We need a leader. We have many missions to complete. We have to assassinate leaders of our
aggressors, we have to destroy heavily guarded installations. We have many enemies, and they are not all
human. We need to cross alien landscapes, over rocky surfaces, through vast subterranean caverns and
across insect infested swamps. We need help. We need a leader. -From the game ad.
Laser Squad is a futuristic head-to-head, "hot seat" strategy game, in which two players take turns moving their team (usually five to eight men or robot units) towards their objective, which is usually, but not always, the extermination of the opposing team. There are several scenarios in Laser Squad, ranging from the assassination of a company boss to an alien invasion. The scenarios may be played either by a solo player against the computer or by two humans. The solo player always plays the same role, typically the "good guys", so if you get tired of the view, you'll need to find a friend to play against. Commodore 64 and ZX Spectrum versions were developed by Mythos Games, others (Amiga, Atari ST, PC) by Krisalis Software and were first published in 1988.
The game is of the top-down, turn based type. When playing against computer you see a blank screen when it plans it's moves, with a friend as your opponent you have to look away from the screen while his turn lasts (cheaters will be persecuted). The gameplay is not an easy one to learn as there are tons of features to master: weapons selection, armour selection, squad deployment strategies, Action Points, opportunity fire etc. I will tackle the most essential points of the gameplay here and leave the rest for yourself to find out. Any moves and tasks you perform in the game take a toll on your Action Points allowance. When all your unit's APs are used, you must wait until the next turn to get a chance to move it again. If you save at least half of the total AP amount of the specific unit, it will get a chance for opportunity fire. This means that if the unit spots an enemy on your opponent's turn (your opponent moves one of his units to your soldier's line of sight), your unit is allowed to fire the first shot. Opportunity fire may save you from really tricky situations so you should definitely save your APs for it. Selecting the right weapons helps to accomplish your mission too, some are more effective, lighter to carry or more accurate than others. The first scenario, The Assassins, is a good mission to start from, the map is small and the objective is straightforward. Arm your personnel and give them droids hell!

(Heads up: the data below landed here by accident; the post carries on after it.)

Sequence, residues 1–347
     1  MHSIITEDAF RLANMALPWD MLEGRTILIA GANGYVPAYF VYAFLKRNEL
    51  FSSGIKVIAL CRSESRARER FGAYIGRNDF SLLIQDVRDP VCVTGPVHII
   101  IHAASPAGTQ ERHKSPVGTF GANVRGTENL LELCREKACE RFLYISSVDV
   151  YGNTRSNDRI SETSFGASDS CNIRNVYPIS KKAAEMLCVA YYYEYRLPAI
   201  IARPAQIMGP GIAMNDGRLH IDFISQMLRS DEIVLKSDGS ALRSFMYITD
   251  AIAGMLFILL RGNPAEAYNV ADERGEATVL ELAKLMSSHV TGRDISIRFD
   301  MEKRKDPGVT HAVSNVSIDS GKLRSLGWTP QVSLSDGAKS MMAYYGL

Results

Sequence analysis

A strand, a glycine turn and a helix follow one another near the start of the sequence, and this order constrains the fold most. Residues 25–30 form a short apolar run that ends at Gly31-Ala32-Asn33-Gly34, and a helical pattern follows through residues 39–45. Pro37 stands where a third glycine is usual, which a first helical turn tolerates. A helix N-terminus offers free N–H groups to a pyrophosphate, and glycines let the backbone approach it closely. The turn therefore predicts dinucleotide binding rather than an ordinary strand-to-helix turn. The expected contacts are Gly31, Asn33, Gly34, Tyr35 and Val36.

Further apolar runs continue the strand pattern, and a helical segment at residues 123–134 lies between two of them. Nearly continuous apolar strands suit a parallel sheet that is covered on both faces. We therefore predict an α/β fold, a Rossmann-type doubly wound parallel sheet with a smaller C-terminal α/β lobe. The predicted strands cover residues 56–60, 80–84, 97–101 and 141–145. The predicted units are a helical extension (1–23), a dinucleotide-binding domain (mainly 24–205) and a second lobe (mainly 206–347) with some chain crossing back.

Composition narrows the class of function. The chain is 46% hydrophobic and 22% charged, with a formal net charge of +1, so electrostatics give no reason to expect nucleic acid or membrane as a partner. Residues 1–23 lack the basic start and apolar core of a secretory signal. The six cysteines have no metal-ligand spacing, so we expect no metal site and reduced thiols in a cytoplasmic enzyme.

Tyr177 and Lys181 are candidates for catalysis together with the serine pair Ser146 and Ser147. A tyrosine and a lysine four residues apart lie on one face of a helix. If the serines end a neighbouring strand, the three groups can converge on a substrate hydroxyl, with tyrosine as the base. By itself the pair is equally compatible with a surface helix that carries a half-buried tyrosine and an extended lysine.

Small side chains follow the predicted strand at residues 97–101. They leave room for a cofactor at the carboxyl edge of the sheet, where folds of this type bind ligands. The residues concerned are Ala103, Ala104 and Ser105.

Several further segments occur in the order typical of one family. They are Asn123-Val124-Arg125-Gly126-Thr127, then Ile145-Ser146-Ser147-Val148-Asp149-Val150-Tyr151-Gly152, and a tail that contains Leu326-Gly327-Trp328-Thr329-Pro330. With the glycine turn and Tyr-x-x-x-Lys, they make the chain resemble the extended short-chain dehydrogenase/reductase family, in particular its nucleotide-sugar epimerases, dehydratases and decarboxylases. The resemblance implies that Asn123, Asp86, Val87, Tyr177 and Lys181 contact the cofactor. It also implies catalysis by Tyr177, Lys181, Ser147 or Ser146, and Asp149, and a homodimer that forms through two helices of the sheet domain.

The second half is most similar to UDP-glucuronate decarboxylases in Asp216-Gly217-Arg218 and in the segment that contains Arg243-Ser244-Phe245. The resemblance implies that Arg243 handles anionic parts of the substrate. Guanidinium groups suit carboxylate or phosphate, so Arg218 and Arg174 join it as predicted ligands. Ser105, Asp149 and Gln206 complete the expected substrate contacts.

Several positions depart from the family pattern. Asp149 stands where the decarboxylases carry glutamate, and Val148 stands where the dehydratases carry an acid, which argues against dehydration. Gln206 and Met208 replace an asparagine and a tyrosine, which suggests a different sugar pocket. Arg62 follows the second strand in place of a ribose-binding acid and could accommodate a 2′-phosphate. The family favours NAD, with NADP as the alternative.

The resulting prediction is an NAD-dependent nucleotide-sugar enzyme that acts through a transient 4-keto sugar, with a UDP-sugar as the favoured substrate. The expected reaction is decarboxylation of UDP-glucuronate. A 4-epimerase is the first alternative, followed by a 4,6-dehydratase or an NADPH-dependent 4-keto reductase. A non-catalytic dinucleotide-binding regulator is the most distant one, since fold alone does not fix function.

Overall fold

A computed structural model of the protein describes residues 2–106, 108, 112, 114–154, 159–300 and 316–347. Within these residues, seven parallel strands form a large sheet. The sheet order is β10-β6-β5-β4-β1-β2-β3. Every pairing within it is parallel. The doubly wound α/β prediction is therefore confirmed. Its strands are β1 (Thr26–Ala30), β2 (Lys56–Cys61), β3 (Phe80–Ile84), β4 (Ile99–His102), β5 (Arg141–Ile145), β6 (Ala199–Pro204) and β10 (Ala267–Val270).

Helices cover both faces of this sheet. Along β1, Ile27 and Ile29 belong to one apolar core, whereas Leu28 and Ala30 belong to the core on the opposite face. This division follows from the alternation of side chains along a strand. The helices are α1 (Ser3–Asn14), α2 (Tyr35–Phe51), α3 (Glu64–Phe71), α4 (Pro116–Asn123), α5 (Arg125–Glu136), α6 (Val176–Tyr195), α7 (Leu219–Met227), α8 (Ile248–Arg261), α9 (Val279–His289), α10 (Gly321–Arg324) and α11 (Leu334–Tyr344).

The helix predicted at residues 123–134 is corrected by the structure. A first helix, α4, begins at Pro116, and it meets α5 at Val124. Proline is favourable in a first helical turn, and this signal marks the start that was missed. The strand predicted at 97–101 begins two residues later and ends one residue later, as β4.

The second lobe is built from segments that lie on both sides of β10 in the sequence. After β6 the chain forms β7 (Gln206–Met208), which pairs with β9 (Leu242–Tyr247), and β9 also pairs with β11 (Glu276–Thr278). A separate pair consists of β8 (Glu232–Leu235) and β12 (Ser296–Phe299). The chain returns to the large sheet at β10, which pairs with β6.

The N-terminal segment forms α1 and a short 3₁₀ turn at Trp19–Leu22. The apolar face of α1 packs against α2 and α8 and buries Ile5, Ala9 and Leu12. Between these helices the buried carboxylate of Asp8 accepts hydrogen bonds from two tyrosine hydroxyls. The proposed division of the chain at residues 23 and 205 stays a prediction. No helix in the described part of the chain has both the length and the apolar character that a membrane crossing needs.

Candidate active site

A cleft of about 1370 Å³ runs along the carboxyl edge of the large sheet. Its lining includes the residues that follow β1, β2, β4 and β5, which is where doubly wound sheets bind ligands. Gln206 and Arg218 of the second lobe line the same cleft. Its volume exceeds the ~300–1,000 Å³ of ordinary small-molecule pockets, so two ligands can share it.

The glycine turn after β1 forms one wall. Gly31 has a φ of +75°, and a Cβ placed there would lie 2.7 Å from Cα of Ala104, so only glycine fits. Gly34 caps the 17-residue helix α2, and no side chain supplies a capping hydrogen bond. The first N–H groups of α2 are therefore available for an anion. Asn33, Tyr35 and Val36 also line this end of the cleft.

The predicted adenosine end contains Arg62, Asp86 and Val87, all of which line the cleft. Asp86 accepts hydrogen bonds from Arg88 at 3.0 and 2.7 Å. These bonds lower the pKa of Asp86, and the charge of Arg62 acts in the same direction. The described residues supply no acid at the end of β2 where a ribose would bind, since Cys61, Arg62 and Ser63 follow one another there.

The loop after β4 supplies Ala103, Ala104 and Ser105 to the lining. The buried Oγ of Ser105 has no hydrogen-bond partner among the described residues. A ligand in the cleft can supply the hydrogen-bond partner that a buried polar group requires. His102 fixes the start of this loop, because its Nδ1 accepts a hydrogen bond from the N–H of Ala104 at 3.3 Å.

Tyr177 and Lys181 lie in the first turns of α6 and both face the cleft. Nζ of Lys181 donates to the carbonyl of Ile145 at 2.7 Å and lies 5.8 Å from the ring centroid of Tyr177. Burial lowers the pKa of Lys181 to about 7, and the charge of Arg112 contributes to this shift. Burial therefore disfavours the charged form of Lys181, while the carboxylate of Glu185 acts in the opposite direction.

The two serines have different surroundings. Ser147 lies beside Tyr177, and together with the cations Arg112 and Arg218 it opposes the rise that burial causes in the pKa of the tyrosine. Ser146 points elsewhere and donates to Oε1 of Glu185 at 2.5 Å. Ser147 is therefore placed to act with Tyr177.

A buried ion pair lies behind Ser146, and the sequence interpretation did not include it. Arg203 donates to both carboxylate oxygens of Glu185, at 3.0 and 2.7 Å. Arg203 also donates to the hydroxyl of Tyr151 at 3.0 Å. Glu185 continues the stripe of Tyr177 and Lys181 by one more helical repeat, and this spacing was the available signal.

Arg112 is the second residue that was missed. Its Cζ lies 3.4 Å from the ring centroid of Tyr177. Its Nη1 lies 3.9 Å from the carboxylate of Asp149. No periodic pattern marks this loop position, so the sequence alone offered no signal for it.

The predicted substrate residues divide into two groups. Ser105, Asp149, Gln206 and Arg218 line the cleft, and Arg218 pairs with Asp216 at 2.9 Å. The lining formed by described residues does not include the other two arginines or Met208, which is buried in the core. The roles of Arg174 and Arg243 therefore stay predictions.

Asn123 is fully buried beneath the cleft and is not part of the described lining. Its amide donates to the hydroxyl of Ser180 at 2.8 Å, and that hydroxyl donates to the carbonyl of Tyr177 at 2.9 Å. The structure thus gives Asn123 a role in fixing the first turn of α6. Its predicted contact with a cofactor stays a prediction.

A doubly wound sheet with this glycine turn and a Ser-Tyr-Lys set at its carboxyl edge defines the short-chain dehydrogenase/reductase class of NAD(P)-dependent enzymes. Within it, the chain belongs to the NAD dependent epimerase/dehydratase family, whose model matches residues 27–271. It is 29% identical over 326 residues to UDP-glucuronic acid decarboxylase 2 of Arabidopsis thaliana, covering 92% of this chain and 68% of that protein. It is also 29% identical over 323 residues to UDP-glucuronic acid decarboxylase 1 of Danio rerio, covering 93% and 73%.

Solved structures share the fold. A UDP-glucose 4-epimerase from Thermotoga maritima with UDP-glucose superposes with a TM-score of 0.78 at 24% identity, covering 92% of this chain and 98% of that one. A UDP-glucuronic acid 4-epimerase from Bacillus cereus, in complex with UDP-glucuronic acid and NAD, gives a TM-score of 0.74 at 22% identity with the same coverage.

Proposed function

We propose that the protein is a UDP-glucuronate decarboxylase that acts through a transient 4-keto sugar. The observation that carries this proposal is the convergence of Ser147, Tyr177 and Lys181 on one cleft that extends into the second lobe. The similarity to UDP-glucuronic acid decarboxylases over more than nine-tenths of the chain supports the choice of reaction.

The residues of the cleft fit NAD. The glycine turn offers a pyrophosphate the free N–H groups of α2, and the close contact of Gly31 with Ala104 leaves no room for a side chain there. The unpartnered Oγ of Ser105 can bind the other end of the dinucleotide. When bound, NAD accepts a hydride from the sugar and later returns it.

See Laser Squad Scenarios for more information about the missions.
The game is best played against a friend and the Commodore 64 version is still the one I prefer. The Amiga and PC versions do have better graphics and sound but the game interface is, especially on PC, too "user friendly", making simple tasks like the weapons/armour selection a really slow process. I may not be a strategy game freak but Laser Squad still ranks very well in my all-time Hall of Fame of Computer Games. Consider it definitely recommended. If you like Laser Squad, you should also check out Lords of Chaos which is uses the same "engine" with some improvements and is set in a world of wizards, dragons and magic. BTW, you may have noticed that Laser Squad and UFO: Enemy Unknown (X-COM: UFO Defence in the US) have lots of things in common? The reason is that both were developed by Julian and Nick Gollop, the founders of Mythos Games.